Skeuomorphism, in addition to being fun to say, is a graphics concept where objects are designed to look like a different texture. Before the iOS7 update Apple were the reigning kings of this when it came to interfaces, with address books in stitched leather and calendars with replicated paper tears.
With Hearthstone, everything is given a thick, carved look. Everything looks as though it has been forged from metal, or chiselled out of wood and stone – even the cards themselves. Moving cards around has weight to it, with each action resulting in a hefty click or thunk.
In the absence of being able to handle physical cards, Hearthstone goes above and beyond to make playing feel ‘chunky’. A sensible decision, considering Hearthstone is also designed to be playable on iPad, which lacks any kind of tactile feedback. Games of this genre are usually content with having the game take place in a near featureless void – so the additional colour and character is welcomed.
Approachability is Key
Playing the game is simpler than most TCGs, and intentionally so. Playing as various major World of Warcraft characters (none of whom I recognise), you summon minions to deal damage to your opponent, while playing additional spells and your hero’s special ability to strengthen your chances. Minions have persistent health and the resource pool used to play cards replenishes and increases by itself.
This results in a system where it’s hard to build a deck that’s completely unusable. If you’re not confident in building your own deck, there’s a suggestion system that will offer you cards in sets of three for you to pick.
The game’s lead designer, Eric Dodds, plays Magic himself – and is aware of how the game can become insanely complex. The target audience is as broad as World of Warcraft’s demographics, and Blizzard are looking to hook in more than just the hardcore Magic veterans.
The way it handles the cash shop side of things is strangely stingy. There are nine different heroes available, each with a basic deck you get for free. As you play with a hero they level up and gain additional cards to their deck, elevating them from ‘easily beaten by the CPU’ to ‘vaguely functional’. After that, the only new cards you can obtain are from the shop or a ‘Challenge Mode’, both of which cost tokens or real money to participate in.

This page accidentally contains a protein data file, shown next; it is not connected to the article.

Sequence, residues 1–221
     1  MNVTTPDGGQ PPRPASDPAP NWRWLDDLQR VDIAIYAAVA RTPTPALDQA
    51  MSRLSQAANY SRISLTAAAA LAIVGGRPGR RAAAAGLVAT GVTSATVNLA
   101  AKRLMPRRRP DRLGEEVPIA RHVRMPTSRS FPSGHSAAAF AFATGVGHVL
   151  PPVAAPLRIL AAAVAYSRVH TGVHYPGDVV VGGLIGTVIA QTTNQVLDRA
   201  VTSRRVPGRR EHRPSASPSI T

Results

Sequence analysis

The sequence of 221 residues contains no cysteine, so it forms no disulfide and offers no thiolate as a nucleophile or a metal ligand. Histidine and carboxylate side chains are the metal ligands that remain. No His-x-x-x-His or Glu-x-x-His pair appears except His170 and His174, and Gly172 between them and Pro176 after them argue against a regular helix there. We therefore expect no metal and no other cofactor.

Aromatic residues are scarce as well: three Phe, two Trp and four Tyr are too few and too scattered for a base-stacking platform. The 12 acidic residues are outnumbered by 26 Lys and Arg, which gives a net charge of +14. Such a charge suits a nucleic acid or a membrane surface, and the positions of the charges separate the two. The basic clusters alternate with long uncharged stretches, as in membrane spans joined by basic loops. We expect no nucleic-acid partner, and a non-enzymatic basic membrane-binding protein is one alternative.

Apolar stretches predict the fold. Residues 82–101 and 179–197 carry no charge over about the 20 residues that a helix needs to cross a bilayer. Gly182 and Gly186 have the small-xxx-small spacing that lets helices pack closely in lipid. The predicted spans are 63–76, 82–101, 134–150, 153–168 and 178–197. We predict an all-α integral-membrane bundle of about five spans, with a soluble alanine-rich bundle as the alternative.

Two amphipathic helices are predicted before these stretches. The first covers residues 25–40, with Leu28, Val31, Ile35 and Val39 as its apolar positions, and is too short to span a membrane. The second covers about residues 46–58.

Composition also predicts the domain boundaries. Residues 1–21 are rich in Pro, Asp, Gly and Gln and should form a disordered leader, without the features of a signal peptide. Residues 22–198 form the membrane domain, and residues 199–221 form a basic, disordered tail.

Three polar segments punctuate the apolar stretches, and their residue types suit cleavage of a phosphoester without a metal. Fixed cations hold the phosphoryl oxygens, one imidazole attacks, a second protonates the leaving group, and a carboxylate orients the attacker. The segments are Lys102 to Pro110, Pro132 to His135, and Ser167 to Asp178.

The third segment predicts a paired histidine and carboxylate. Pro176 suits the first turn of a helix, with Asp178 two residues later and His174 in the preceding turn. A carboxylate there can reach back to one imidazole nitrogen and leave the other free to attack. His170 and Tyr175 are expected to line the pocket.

Earning the tokens from beating human is a slow process, but they try to balance it out by having relatively cheap purchases. Spending £20 feels reasonable when it’s in £2-5 increments.
Interestingly, I’ve been hesitant to purchase cards from Hearthstone, compared to Pokémon TCG. Maybe it’s because of the branding (I’m not especially knowledgeable of the Warcraft franchise, whereas I can identify any Pokémon by name); maybe it’s because Hearthstone makes an active attempt to pair me up with players who have a similar card collection and win rate to me, so I never feel especially outmatched.
Blizzard’s approach to the digital TCG is definitely novel, and an easier approach to the genre for new players – but it still has a rocky path ahead. It still feels a touch too much like ‘pay to win’, and some of the heroes have far more practical strategies or more interesting cards than others. I’m hesitant to throw money down just yet, but if they stay on top of tweaking mechanics and the variety of content available to free players I may still open up my wallet.
Or ArenaNet could make a Guild Wars card game and I’d throw all my money at them. Just sayin’.